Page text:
Mount Haguro – 羽黒山
For the first time we are going to talk about Yamagata Prefecture! Here lays a mountain which faces on the Shōnai plain, a fascinating region that makes you feel like going back in time: here’s Mount Haguro!
What’s special about Mount Haguro?
Mt. Haguro is, together with Gas-san and Yudono-san, one of the three Dewa Mountains, known as Dewa Sanzan in Japanese: they are holy mountains where, over the last 1400 years, the cult of the Shugendō (a religious current which combines esoteric Buddhism and Shintō beliefs) has been practiced.
Among these three mountains, Mt. Haguro is the lowest, but it’s the only one accessible throughout the whole year. Moreover, the Dewa Shrine is also here located: it plays the main role among this area’s places of worship. Sanjin Gosaiden’s straw roof is 2 meters thick, and it is so the thickest straw roof of Japan.
Mt. Haguro has a rich nature: the Shugendō monks, called Yamabushi, enter this mountain’s forest to practice ascetic trainings. It is possible to see them walking around the buildings and listen to the sound of their Horagai, big shells used as horns.
Hidden in the woods a majestic five-storied pagoda is located, recorded as National Treasure.
How to get to Mount Haguro?
Mt. Haguro is located in the area of Tsuruoka City, in Yamagata Prefecture.
If you are going to use public transportation, first you have to reach Tsuruoka Station.
You can take a Shinkansen bullet train running on the Jōetsu Shinkansen from Tōkyō Station and so reach Niigata Station; here you have to take a Uetsu Line local train and get off at Tsuruoka Station (it may need you to change train once or twice along the way). The journey takes about 4 and a half hours, and from Niigata Station and Tsuruoka Station you will be able to enjoy nice views on Sea of Japan.
At Tōkyō Station you can also get on the Yamagata Shinkansen heading to Shinjō Station; you then transfer on the Rikū West Line and reach Amarume Station, where you can take the aforementioned Uetsu Line (this time, southbound) and arrive at Tsuruoka Station. This journey takes about 4 hours, and passes throughout the inner area of Tōhoku Region.
Both these routes don’t need any extra fee if you use a Japan Rail Pass, including its East Japan (Tōhoku) limited version, and the round trip can nearly pay off the price of the weekly pass.
If you are travelling by plane, Shōnai Airport is linked to the main Japanese airports, including Tokyo Haneda with direct flights. The price of the flight may be a bit costy, but from Tokyo you can reach Yamagata in less 1 hour. At the airport you will find a limousine bus service (usually synchronized with the arriving flights) heading to Tsuruoka Bus Terminal, located a few meters west from the train station.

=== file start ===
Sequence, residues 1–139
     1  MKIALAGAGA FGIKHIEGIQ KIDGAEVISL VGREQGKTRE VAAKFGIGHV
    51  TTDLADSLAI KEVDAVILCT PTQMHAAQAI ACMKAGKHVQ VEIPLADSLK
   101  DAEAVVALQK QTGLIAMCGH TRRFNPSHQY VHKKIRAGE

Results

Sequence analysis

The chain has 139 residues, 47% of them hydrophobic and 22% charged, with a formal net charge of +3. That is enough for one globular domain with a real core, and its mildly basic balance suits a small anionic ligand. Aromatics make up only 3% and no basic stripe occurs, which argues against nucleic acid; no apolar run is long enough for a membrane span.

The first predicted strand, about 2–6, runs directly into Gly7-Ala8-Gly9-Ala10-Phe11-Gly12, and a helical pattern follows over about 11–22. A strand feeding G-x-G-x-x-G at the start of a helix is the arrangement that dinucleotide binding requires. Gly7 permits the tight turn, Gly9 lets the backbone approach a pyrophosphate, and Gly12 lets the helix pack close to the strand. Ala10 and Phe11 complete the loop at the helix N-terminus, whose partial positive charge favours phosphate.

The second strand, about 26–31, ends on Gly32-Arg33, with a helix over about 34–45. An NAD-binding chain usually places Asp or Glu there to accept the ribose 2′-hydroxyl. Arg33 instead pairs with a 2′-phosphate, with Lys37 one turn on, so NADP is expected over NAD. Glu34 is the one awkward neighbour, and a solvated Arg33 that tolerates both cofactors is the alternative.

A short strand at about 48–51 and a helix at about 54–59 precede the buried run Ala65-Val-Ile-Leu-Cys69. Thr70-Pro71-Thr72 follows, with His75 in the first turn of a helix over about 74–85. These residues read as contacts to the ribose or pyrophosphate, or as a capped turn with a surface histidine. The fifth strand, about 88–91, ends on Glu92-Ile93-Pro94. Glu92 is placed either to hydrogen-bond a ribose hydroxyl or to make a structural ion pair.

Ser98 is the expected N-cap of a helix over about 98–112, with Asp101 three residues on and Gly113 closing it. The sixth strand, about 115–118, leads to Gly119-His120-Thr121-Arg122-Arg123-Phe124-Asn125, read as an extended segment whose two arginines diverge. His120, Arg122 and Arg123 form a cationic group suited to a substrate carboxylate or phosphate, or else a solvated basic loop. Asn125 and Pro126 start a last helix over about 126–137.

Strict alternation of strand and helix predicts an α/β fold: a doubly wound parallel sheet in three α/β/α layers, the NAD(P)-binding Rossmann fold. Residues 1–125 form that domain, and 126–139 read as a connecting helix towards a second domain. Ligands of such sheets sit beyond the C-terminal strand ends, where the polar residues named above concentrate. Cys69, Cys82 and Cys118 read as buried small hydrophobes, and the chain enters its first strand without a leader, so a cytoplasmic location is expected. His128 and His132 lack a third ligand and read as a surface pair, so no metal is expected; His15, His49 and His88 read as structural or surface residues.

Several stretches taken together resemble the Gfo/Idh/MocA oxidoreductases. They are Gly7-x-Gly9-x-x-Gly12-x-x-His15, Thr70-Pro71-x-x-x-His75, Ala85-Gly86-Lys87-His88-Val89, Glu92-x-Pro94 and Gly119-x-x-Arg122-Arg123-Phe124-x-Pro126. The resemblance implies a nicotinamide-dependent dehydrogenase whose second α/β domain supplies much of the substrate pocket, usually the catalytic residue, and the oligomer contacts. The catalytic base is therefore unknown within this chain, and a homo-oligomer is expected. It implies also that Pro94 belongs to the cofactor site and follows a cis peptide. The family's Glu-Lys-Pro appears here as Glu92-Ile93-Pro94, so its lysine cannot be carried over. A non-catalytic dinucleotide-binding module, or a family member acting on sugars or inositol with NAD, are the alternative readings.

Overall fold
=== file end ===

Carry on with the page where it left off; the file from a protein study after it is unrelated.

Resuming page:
Timetable of the Airport Limousine Bus (in Japanese): http://tinyurl.com/no8bull
At the Tsuruoka Bus Terminal you can catch a bus heading to Mount Haguro. Click on this link for further information (in Japanese): http://tinyurl.com/k7afw5h
Arrived a the foot of Mount Haguro you can reach the summit walking on a 1.8 km long stone staircase realized in 1648, during the Edo period. Otherwise, if you come by car, or you have reded one, you can drive on a handy paved toll road leading near the summit.
I visited Mt. Haguro in July. On the way to the mountain I passed under a 21 mt-high torii, which indicates the entrance to the holy area. I reached the mountain top walking the long stone stair, surrounded by huge sugi (cryptomeria japonica) trees.
This represented, at least for me, a half of this place’s charm: the more you go on, the more you feel like entering a mysterious, ancient world.
On the top I walked towards the Sanjin Gosaiden: while looking at the thick straw roof I could hear the monks reciting their mantras and playing drums, it was very impressing.
Then, I entered the woods, where a small waterfall played as background for a few holy buildings linked by a pretty crimson-red bridge. Walking on, I finally reached the pagoda: I’ve been enchanted by this building, 29 mt-high!
Mt. Haguro is worthy of its role; the ancient, holy atmosphere will be forever among the best feelings I have had in my life.